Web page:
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Hot debate on a hot day about Open churches

I am very grateful to Wingy for taking the time to comment about the  recent posts about Open Churches and church  attendance figures – if you go to the June 29th post on ” More stats and Ashby St Ledgers” you will find Wingy’s comments. I have always favoured having our churches open during the day – some I know are open at night as well. It was so good last Friday when I was travelling to Coventry on that wet day to come off the A14 into Rugby and find the village church where I served as deacon – at Clifton-upon-Dunsmore open. Turning the latch and finding a door opens I think says so much to passers by… I know some people truly worry about the safety of our buildings and I do understand that – and the ideal is perhaps to have stewards present on a rota as some bigger churches do – but that wont always be practicle for village churches… so to those of you who bravely open your churches every day a big WELL DONE.

Nick G has e-mailed about an article in

:guardian.co.uk/belief – ‘if religion disappeared, what would emerge in its stead’. – Im going to check it out now…

Not sure quite which article it is, but might well be this one:

http://www.guardian.co.uk/commentisfree/belief/2009/jun/26/humanism-religion-atheism. Here is a taster written by Caspar Melville

The question: Can religion be replaced?

One of the first things I commissioned when I became editor of New Humanist was an attempt open out the opposing positions within humanism about what should replace religion. It was a debate between Dave Belden and AC Grayling about whether humanism should be, or become, more like a religion. Belden (who is now managing editor at the non-denominational spiritual US magazine Tikkun), in a piece entitled Is it time for humanists to start holding services? wrote that while humanism had done well to meet the philosophical challenges set by religion, it did less well reproducing the kind of “vibrant social connections” that religion provides. He was rather stirring, in fact:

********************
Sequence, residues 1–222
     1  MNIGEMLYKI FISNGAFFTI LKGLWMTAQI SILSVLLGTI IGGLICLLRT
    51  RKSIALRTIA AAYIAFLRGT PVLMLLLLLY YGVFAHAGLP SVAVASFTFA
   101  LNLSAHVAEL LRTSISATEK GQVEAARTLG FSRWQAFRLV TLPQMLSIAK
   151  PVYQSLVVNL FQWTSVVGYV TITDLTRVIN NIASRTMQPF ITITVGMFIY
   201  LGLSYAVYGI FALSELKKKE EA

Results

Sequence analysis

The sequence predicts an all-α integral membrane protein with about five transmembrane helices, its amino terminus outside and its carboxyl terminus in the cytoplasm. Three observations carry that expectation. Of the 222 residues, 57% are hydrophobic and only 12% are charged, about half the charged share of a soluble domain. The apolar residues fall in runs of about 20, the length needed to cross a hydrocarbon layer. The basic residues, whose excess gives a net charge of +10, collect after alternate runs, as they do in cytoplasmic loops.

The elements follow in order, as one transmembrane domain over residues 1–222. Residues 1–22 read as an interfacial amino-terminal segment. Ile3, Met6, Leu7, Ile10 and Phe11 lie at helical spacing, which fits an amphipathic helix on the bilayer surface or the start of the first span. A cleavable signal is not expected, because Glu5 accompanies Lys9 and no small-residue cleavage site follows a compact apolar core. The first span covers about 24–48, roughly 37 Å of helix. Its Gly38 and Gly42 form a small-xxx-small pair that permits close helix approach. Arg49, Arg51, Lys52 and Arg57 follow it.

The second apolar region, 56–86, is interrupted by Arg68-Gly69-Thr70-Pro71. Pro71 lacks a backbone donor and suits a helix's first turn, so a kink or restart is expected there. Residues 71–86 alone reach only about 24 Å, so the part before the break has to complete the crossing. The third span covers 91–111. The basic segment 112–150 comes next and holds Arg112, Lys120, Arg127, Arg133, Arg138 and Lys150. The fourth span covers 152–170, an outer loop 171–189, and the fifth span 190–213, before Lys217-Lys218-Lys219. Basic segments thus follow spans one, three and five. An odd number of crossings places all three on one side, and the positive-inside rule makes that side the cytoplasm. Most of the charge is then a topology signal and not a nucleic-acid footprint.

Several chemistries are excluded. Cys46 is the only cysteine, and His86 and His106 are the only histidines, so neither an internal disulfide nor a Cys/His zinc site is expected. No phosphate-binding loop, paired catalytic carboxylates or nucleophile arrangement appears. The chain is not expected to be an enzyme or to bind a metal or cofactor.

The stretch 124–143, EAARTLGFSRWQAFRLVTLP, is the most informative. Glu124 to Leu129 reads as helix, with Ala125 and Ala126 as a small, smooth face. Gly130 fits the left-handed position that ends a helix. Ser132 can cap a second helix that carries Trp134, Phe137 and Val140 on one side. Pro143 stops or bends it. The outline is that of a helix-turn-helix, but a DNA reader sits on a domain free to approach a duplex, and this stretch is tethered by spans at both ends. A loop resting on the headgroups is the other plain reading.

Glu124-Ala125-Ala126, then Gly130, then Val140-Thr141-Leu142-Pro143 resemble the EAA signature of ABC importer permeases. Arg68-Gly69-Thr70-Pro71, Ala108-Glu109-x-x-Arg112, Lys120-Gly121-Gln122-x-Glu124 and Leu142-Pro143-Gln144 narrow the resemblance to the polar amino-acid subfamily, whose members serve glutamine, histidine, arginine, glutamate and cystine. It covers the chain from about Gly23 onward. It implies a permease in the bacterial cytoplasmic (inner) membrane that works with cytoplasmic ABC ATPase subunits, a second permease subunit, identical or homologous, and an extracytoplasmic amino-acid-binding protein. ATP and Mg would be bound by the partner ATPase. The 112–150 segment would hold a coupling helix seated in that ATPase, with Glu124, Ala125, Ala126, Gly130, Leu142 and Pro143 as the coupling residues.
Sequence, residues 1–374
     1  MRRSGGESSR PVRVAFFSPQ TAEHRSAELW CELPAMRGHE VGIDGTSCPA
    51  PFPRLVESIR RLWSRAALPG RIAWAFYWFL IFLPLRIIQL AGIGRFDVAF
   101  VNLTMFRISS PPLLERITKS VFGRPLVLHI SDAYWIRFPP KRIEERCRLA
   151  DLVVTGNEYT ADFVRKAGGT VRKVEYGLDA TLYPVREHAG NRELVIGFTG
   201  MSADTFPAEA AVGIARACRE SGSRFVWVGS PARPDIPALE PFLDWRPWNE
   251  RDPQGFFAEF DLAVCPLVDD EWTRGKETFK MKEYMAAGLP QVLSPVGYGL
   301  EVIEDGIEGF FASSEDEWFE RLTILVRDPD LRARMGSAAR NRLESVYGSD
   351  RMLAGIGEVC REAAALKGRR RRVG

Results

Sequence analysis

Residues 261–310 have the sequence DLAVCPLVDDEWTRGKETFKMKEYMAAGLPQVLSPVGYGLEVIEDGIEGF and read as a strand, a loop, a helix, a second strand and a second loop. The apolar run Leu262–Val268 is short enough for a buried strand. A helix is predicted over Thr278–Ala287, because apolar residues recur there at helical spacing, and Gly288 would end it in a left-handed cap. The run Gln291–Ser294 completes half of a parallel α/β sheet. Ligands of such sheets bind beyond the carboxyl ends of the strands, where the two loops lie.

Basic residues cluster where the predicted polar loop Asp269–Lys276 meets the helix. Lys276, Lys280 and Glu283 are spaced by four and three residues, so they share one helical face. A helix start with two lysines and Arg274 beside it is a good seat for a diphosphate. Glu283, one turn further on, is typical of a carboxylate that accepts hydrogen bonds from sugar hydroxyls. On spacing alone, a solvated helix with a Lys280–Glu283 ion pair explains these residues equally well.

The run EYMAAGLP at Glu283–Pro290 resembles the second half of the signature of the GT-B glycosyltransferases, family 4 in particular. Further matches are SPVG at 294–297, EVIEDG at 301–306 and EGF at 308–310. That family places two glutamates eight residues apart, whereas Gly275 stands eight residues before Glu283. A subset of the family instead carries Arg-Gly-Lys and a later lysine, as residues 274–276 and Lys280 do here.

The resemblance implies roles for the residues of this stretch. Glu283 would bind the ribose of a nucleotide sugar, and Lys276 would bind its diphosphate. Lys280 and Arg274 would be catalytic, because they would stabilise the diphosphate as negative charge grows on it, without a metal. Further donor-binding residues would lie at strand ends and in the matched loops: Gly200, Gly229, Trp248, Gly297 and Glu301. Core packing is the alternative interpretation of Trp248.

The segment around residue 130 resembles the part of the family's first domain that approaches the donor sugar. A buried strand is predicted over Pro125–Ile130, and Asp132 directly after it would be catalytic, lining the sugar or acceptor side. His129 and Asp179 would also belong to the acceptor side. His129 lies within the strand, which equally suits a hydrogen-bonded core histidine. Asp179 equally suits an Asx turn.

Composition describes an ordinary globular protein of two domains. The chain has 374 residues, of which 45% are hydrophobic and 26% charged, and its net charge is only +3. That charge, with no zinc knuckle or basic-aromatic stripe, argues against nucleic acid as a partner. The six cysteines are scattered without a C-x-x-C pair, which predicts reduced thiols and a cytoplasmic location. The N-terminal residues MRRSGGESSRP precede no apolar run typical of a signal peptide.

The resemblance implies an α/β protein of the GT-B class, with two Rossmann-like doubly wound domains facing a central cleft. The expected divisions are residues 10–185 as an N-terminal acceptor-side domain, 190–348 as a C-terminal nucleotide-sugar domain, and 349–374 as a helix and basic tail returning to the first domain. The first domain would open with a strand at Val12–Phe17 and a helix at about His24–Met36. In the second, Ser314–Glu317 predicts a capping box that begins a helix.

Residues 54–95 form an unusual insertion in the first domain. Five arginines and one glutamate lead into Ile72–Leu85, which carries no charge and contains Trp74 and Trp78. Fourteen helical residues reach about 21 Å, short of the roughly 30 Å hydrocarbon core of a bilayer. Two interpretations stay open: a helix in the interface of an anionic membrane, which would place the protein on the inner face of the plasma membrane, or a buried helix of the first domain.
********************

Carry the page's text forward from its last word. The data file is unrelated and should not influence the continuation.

We are a tribal species. We need communal rituals, songs to sing together, not alone in our rooms. We need ways to care for each other, inspire each other, develop ethics and teach them to our children.

He goes on to suggest that “an overly rational approach to life can be cool, even chilly”, so what was needed, in his view, was more church fetes, bible groups, coffee mornings, singalongs and ceremonies. Only, without the God bit. After all, he is a Unitarian.

Its quite a challenging article but worth reading… Im convinced that if only church groups could be more welcoming, inclusive and flexible in their style ( and not only on Sundays)  that more people would find relevance and meaning in what they are offering. I have always found such a wide gap between the Jesus I read about in the gospels in his tunic and sandals touching those with society has rejected   and  ending  up on a  cross and the rules and regulations and neat tidiness of much of what we do in our buildings and teach in doctrine. One day maybe I will find the link, maybe I wont. Goodness me, I much find something of a link as I wouldnt have been ordained for 22 years in parish ministry and still as keen as ever. Maybe, in a funny way, having this passion for re-ordering and putting in loos is about bringing the everyday stuff of life – which can be messy – into our church life and embracing it. Just like Jesus embraced the mess he saw around him.

Thanks also to Graham Sharp from Christian Resources for his comment which i will copy here:

I’m an associate of Christian Research and find it frustrating that the media keep picking up on some fairly old projections. Dry statistics are meaningless and always need interpretation. Church leaders and commentators who are obsessed with ‘church attendance statistics’ as the arbiter of ’success or failure’ need to reflect on what the church is really about! To imply that Christianity is in decline because fewer people attend church every week is akin to saying drinking alcohol is in decline becasue fewer people go to pubs every day. We know that’s not the case – people are ‘drinking’ differently and people are doing curch differently – not just on Sundays, not just in church, not just CofE…and so on.

For Christian Research, I edit a publication called ‘Quadrant’ which regularly contains articles that illustrate exciting community and social initiatives – an immense amount of Christian discipleship being enacted and very little of it in church on Sundays!

If you want to receive Quadrant, you just have to become a member of Christian Research.

Best regards

Graham

Keep the comments coming – Paxtonvic is very busy  with  your views so to calm me down and anyone else feeling the heat, here is  some ” clarkia” growing abundantly in my garden…

clarkia

June 30, 2009 - Posted by | Uncategorized

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